November 30, 1948
Before MAJOR, Chief Judge and MINTON, Circuit Judge, and SWYGERT, District Judge.
SWYGERT, District Judge.
Stelios Sam Karavias was convicted by the District Court of falsely making, forging and counterfeiting currency of the United States government, of unlawfully possessing such counterfeit currency, and of conspiring to violate the federal counterfeiting statutes. He was given a sentence of three years.He appeals from this judgment and sentence, relying upon four grounds to obtain relief.
First, appellant contends that the government failed to prove venue. Second, he claims that he was not proven guilty beyond a reasonable doubt. Third, it is contended that the trial court erred in imposing a general sentence of three years after finding the defendant guilty on seven counts, one being the conspiracy count which carries a maximum sentence of two years. And fourth, the defendant contends that his application for probation was improperly denied by the trial court, without consideration of a presentence investigation. He says that this constitutes a violation of his rights under Rule 32(c) of the Federal Rules of Criminal Procedure, 28 U.S.C.A.
The appellant was indicted with four other individuals named Minas C. Aretos, John G. Brennan, Peter L. Klikas and Vito F. D'Agostino. One George Kanakes was indicted separately for certain related counterfeiting activities. All but Karavias pleaded guilty.
Briefly, the evidence shows that Brennan bought a multilith press in the summer of 1947; that in July of that year Karavias, Aretos, and Brennan were "cutting" and coloring counterfeit $10 federal reserve notes in the back room of Aretos' store. Early in August, 1947, Brennan and Aretos met in a tavern, where Brennan made a list of items to be procured for counterfeiting money. At a second meeting, Karavias joined the other two. He was told to get a certain type of paper. This he agreed to do. Brennan told him at that time that the paper was to be used for counterfeiting notes. In order to avoid suspicion, Brennan supplied Karavias with cards reading, "The Waukesha Sales Company." Thereafter the conspirators met, conversed, and planned the making of counterfeit money. Karavias was present at some of these meetings. Aretos, Brennan, and D'Agostino went to the latter's Indiana farm in August, where they attempted to manufacture counterfeit money. Klikas and Karavias remained in Chicago.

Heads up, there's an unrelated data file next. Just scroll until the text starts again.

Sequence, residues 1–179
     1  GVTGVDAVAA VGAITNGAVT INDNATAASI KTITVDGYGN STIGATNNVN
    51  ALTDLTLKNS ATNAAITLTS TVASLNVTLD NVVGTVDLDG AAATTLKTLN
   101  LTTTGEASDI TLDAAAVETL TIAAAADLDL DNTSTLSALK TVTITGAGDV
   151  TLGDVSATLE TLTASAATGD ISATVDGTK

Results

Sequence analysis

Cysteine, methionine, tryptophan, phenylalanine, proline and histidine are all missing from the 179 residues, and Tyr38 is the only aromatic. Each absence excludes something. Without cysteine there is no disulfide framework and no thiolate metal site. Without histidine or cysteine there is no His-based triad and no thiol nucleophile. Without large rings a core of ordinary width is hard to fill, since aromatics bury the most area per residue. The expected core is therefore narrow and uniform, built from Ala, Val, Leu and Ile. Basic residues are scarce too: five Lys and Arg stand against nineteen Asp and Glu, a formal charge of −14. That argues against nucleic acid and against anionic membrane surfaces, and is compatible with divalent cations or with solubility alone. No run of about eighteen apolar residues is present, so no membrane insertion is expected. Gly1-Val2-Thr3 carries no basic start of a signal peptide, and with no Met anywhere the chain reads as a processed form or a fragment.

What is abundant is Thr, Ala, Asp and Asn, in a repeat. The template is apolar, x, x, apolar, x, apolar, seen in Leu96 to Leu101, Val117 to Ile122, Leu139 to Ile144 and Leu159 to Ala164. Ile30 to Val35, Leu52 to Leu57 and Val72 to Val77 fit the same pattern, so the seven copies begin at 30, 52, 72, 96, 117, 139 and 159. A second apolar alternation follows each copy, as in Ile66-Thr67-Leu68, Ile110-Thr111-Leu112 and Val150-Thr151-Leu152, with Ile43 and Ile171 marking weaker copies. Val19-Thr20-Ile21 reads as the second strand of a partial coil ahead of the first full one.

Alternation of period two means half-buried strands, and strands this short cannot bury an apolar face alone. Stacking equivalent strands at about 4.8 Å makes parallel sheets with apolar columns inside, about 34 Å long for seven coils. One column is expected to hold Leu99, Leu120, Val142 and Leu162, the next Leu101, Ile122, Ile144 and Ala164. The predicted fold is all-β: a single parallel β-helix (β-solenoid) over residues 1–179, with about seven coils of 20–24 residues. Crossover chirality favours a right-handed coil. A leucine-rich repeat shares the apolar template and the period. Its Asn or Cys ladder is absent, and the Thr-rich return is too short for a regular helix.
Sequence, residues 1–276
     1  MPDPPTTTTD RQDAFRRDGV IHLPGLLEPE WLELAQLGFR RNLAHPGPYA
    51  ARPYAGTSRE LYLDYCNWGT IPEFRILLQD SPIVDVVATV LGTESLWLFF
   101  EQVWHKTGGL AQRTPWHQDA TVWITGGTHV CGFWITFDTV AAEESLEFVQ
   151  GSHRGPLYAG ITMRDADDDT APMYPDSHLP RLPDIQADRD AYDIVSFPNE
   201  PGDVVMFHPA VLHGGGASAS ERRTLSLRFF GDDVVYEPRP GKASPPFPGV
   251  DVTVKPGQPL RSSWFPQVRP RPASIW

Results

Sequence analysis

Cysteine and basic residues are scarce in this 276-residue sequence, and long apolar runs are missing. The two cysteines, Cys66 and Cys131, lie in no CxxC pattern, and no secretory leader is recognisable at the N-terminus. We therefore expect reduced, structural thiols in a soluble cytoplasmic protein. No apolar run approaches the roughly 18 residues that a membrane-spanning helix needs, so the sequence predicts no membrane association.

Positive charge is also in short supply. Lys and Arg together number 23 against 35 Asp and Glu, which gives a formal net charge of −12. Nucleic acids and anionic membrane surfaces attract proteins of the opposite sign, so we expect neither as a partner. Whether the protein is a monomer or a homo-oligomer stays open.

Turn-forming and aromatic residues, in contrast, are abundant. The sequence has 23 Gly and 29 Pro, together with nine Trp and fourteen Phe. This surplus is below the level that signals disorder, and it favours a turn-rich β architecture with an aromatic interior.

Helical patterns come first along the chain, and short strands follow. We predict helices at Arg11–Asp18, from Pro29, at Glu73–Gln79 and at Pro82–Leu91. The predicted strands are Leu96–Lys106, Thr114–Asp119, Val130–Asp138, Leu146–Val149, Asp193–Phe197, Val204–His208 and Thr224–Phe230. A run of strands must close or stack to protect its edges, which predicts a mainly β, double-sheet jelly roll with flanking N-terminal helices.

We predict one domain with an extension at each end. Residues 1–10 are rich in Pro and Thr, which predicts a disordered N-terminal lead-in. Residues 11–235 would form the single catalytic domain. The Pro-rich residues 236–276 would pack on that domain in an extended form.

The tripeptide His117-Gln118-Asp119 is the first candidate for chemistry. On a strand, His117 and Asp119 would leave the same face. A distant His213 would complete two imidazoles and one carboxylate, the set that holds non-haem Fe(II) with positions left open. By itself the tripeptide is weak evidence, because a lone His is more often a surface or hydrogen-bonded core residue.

The production of counterfeit money on the D'Agostino farm proved to be unsuccessful. Subsequently, the gang's counterfeiting paraphernalia was moved to D'Agostino's home. After that, Karavias purchased cyan blue and laketine ink for their counterfeiting operations and Brennan and D'Agostino began making counterfeit money. Karavias saw the money and said that it was not properly made. Later Klikas and D'Agostino gave $31,000 in counterfeit notes to Aretos. After that, Aretos and Karavias delivered some of these notes to Kanakes. It was the latter who passed forty-eight of the $20 counterfeit notes. Many other conversations and happenings were related by the codefendants from the witness stand, all indicating that Karavias had participated in these criminal activities.
The indictment charged that the violations involved in this prosecution were committed at Chicago, in the Northern District of Illinois. As to the proof of venue, there was no direct evidence that the events and transactions constituting the alleged crimes actually took place in Chicago, Illinois. But there were many references in the testimony to various streets, buildings, and localities, without specific reference to the city or state in which they were situated, and there were at least two indirect references to the city of Chicago.
The general rule governing proof of venue is that there need be no positive testimony that the violation occurred at a specific place, but that it is sufficient if it can be concluded from the evidence as a whole that the act was committed at the place alleged in the indictment. George v. United States, 1942, 75 U.S.App.D.C. 197, 125 F.2d 559; People v. Allegretti, 1920, 291 Ill. 364, 126 N.E. 158; People v. Reynolds, 1944, 322 Ill.App. 300, 54 N.E.2d 850, and cases cited. And, as stated by this Court in Wallace v. United States, 7 Cir., 1917, 243 F. 300, 306, "venue, like any other fact, may be shown by evidence, direct, indirect or circumstantial."